After travelling for nearly 21 hours from Mumbai, there was more anticipation than fatigue, as we descended on São Paulo’s Guarulhos–Governador André Franco Montoro International Airport, popularly referred to as GRU Airport. We were received by the 72-year-old Marlene Kocher, who would be our guide for one of the two days in São Paulo.
São Paulo (pronounced Som Paulo) is both a state and a city. The city of São Paulo, fondly called ‘Sam Pa’, is situated in South-East Brazil. It is the capital of the state and is also the most populous city in Brazil. Brazil has a chequered past, and what started as a missionary outpost has now become an economically important centre of Brazil. The city is a melting pot of cultures with various miners from Europe coming in the 17th century due to the ‘Gold Rush’; followed by African slaves who were brought in to work in the coffee and sugarcane plantations; the 19th century brought more Europeans and the 20th century brought in the Japanese.
Perhaps, nothing represents an important part of the history of Brazil than the ‘O Monumento às Bandeiras’ (Monument to the Bandeiras or Monument of Flags). This huge granite sculpture is situated in São Paulo’s Ibirapuera Park or Parque Ibirapuera, which is an amazing sprawling urban park. Marlene tells us that this land was indigenous land and was originally a large swamp. In 1920, the municipality of São Paulo took ownership, and trees were planted to firm up the ground. The spacious park was designed meticulously by agronomist Otávio Augusto de Teixeira Mendes and was opened to the public in 1954, in the Villa Mariana neighbourhood to commemorate the 400th birthday of São Paulo.
Parking the car at the entrance of the Ibirapuera Park, at the Armando Salles de Oliveira square right in front of the Nove de Julho Palace, the seat of the Legislative Assembly, a small walk across the road brings us to the large granite structure called the O Monumento às Bandeiras (Monument to the Bandeiras or Monument of Flags). Marlene tells us the history of the monument. Sculpted by artist Victor Brecheret using 240 blocks of granite weighing 50 tonnes each, this sculpture is 50 metres long and 16 metres high, and took 33 years (1921-1954) to complete.
The statue represents an important part of history that shaped Brazil as a nation. In 1554, the Portuguese Jesuit missionaries arrived to convert native South American Indians to the Catholic faith and the landscape changed forever. Later, in the 17th century, more Portuguese settlers arrived who led expeditions called bandeiras, which means ‘flags’ in Portuguese. São Paulo became the primary settlement for the most bandeirantes. They penetrated the interior of Brazil for their expeditions, by capturing and enslaving the natives.
It is recorded that the bandeiras used to sing hymns while disguising themselves as Jesuit priests to lure the native population out.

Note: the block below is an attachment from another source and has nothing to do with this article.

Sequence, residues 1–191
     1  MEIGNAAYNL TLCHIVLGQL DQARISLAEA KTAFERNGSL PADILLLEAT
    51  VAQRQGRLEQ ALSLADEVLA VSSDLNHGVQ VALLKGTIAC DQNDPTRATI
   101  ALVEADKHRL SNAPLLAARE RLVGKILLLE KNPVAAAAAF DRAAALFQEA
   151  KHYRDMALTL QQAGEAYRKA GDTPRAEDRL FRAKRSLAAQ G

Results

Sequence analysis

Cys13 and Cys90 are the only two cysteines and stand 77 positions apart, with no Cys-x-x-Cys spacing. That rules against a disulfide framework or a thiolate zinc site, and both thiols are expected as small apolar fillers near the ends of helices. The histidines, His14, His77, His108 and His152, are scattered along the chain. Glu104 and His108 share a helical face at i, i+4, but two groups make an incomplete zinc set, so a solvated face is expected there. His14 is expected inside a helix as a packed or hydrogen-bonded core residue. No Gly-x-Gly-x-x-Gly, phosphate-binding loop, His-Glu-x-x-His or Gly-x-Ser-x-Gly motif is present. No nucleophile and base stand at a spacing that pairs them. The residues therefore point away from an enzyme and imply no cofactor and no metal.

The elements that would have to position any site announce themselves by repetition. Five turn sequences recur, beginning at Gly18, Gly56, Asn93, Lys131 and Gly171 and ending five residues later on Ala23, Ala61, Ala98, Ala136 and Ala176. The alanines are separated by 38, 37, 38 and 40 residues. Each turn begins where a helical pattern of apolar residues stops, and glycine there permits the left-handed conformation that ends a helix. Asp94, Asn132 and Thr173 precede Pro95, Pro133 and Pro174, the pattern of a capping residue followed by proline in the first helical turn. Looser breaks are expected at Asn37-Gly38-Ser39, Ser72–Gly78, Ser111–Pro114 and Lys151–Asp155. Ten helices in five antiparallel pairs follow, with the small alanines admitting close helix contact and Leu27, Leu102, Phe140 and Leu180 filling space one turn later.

If that did not work, they would surround the settlements, set them on fire to force the inhabitants out. The bandeiras would sell natives as slaves at a cheap rate when African slaves were sold at nearly 500 $ at that time.
While the Jesuit missionaries wanted to ‘civilise’ the natives, the bandeirantes sought to capture and sell them. The contact of the indigenous population with the Portuguese also resulted in disease and death amongst them. The Bandeiras took advantage of the fact that different tribes often fought with each other for territory or revenge. They allied with one tribe against other tribes and hence expanded their territory. The book Brazil - a novel, authored by Errol Lincoln Uys describes in detail the first bandeira that was led by a Portuguese immigrant António Raposo Tavares in 1628.
John M Monteiro, in his book Blacks of the Land: Indian Slavery, Settler Society, and the Portuguese, says that this expedition was by far very large in both scale and structure as compared to other slaving missions in the seventeenth century.
In one of the records, a Jesuit priest says, “One is astounded by their boldness and impertinence. They go without God, without food, naked as the savages, and subject to all the persecutions and miseries in the world. Men venture for two or three hundred leagues into the sertão, serving the devil with such amazing martyrdom, in order to trade or steal slaves.”
The bandeirantes later shifted the focus of their expeditions to the exploration of gold, silver and diamond mines. Very early in their expeditions, they found modest amounts of alluvial gold, south of São Paulo leading to new settlements in the seventeenth century. And that is why some scholars chose to call the bandeirantes as path-finders and not as colonists. The discovery of extensive amounts of minerals and metals, especially gold, in the state of Minas Gerais in 1690, justified the quest of the ‘path-finders’. As they ventured into unmapped regions in search of profit, they also expanded the borders of the Brazilian colony.
Most bandeirantes were the descendants of first and second-generation Portuguese who settled in São Paulo, but their numbers also included ‘mameluco’ background (people of both European and indigenous ancestries).
As they made their way into the interiors of Brazil, they spread the Portuguese language, integrated African and indigenous cultural traditions that resulted in the emergence of a new South American way of life and a new Brazilian identity.
The O’ Monumento as Bandeiras or the Monument to the Flags in São Paulo’s Ibirapuera Park represents this chequered history of bandeirantes.
The statue represents all the ethnicities such as the Portuguese (Barbados), Blacks, Mamelucos and native Indians with crosses hung on their neck pulling a canoe used in the river expeditions.
You can also find interspersed in the midst of trees and lawns in the Ibirapuera Park, the Obelisco do Ibirapuera or Obelisk of São Paulo; the Museum of Modern Art; Museum of Contemporary Art; and the Afro-Brazil Museum.